Thursday, 16 August 2012

The Other Tribe - New Waves

If we were to apply a lazy label to this new wave it would be indie-dance. Before 1987 indie-dance didn’t really exist, but Ecstasy changed all that. Indie music changed from a monochrome landscape to a vivid technicolour love dream. Suddenly indie music, which had derived its origins from nihilistic punk and new wave became celebratory. Lads who didn’t get the gay grooves of disco or the scientific minimalism of artists like Kraftwerk found themselves loosening up, growing their hair a bit longer, necking bottles of water instead of beer and starting to dance. Everything from the loose grooves of The Happy Mondays to the lurid new rave of the Klaxons owed a debt (sometimes a very large debt) to E.

Which brings us to Bristol’s latest musical export; they’re called The Other Tribe. They make the sort of seizure inducing indie dance that we imagine would sound MDMA-amazing if you were off your face in a club or loved up in the green fields of a summer festival, but it also sounds pretty bloody great listening on a small laptop at home.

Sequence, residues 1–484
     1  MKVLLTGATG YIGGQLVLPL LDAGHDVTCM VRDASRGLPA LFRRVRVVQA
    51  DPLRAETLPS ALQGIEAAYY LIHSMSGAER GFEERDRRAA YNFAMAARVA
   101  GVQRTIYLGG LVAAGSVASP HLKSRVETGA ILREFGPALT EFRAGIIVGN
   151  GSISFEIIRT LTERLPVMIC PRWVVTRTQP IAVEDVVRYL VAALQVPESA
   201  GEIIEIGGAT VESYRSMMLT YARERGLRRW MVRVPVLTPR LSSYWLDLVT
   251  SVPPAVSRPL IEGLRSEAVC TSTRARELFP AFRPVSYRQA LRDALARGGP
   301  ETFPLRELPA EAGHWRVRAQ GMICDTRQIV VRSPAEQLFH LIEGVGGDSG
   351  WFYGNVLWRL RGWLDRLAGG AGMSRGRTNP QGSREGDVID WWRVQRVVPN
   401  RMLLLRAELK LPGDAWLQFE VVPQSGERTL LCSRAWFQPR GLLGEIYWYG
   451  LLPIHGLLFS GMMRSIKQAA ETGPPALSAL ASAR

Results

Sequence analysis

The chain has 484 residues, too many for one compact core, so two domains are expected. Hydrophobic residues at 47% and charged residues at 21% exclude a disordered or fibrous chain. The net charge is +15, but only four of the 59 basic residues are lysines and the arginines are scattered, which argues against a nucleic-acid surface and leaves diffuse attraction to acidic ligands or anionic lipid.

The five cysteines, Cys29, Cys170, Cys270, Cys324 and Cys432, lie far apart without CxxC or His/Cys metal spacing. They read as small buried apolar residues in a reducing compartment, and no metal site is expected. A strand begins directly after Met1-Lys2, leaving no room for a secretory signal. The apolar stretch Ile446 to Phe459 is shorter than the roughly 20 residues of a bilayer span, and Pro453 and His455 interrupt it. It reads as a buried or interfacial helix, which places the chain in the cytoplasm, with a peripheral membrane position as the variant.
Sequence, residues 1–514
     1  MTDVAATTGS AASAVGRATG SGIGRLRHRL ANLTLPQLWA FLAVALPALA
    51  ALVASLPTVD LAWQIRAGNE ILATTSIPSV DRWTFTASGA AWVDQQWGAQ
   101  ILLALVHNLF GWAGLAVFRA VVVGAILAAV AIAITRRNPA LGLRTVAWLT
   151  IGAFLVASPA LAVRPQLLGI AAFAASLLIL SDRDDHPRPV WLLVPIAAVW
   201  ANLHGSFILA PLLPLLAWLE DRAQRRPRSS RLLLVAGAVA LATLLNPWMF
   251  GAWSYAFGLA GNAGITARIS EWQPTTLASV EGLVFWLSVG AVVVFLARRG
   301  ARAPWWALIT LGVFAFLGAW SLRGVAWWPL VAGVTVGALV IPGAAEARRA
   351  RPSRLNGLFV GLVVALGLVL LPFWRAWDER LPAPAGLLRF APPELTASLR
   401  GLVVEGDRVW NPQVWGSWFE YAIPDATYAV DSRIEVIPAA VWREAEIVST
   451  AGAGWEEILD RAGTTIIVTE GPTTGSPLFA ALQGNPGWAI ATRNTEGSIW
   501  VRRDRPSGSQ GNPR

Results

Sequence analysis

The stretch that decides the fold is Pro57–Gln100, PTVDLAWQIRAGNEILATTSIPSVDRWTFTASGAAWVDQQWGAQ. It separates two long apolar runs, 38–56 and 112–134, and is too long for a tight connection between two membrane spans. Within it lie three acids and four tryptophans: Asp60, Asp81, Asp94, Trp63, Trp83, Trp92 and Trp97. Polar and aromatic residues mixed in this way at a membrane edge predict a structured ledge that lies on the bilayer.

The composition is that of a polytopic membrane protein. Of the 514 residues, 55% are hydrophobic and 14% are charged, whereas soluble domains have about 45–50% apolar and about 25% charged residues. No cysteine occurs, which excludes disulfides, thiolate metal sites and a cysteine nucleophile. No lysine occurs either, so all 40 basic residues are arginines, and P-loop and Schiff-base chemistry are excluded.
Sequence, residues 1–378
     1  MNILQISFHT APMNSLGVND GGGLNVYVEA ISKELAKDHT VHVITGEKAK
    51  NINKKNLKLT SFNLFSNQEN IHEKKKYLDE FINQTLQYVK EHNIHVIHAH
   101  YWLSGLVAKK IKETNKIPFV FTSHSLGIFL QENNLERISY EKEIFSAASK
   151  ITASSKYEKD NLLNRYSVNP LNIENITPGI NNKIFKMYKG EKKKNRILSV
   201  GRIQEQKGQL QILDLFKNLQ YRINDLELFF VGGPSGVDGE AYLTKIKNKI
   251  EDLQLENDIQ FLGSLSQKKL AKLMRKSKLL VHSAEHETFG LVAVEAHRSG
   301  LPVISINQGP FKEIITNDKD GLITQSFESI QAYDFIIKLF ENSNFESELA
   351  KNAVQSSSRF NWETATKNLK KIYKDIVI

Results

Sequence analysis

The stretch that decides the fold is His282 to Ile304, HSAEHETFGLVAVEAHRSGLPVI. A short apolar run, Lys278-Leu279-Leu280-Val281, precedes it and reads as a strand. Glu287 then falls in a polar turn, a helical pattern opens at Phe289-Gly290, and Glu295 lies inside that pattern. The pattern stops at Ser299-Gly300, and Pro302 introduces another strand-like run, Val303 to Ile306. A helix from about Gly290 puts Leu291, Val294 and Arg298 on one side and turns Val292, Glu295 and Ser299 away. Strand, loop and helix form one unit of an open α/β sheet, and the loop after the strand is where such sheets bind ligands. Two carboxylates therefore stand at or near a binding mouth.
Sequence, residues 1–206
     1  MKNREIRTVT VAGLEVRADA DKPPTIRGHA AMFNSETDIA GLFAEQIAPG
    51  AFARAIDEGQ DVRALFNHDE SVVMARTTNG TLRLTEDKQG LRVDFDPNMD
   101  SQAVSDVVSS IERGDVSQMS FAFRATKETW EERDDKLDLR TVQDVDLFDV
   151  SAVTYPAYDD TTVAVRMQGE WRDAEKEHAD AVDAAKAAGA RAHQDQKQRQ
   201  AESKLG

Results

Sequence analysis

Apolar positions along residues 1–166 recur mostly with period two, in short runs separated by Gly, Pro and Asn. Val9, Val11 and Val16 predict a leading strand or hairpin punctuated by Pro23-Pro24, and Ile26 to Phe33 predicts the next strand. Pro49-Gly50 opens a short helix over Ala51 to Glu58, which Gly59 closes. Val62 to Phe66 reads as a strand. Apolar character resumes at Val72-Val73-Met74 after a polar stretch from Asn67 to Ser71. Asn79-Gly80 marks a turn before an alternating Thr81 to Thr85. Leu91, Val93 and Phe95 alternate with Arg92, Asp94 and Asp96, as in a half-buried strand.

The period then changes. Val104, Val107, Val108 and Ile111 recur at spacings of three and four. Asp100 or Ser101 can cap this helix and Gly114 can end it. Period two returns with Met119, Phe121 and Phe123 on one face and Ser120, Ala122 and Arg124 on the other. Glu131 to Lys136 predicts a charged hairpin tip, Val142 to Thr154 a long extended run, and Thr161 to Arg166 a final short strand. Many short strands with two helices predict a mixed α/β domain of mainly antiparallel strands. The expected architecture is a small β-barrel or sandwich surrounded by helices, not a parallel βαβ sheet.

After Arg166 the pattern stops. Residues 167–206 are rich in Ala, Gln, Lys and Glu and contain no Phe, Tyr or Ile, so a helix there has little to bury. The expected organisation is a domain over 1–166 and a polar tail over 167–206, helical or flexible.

The Other Tribe first came to our attention some time ago when we featured one of our blog posts about The Milk, who The Other Tribe had remixed to oblivion and back. At this stage there were two of the bands own tracks floating around - Don’t Need No Melody and the percussive and squelchy Businessman On Diazepam. The former sounds like the motto the above-mentioned Klaxons adopted when recording their rather dismal let down of a second album and the later could have very easily been the sort of title that Shaun Ryder and co. would have used on one of their albums. However let’s not get too fixated with Mr Ryder and his recently reformed Happy Mondays because The Other Tribe certainly don’t sound anything like them and their new-age, psychedelic image certainly is a long way from the casual clobber of that band. 

Instead The Other Tribe’s breed of indie dance bears a closer resemblance to something more mystic and slightly bonkers like Friendly Fires dancing round a beach campfire with an edgier Calvin Harris at their heels, whilst sexy sun-kissed boys and girls cavort and rave in their swimming costumes on a nearby terrace. New single Skirts (out September 23) is a perfect example of what the band do; it’s a propulsive sound with summery tubular clanks, falsetto vocals and indie Ibiza vibes. In fact let’s forget this whole word indie, it hasn’t meant anything for years. Let’s just go out and celebrate a golden summer and dance like deranged motherfuckers.

The Other Tribe

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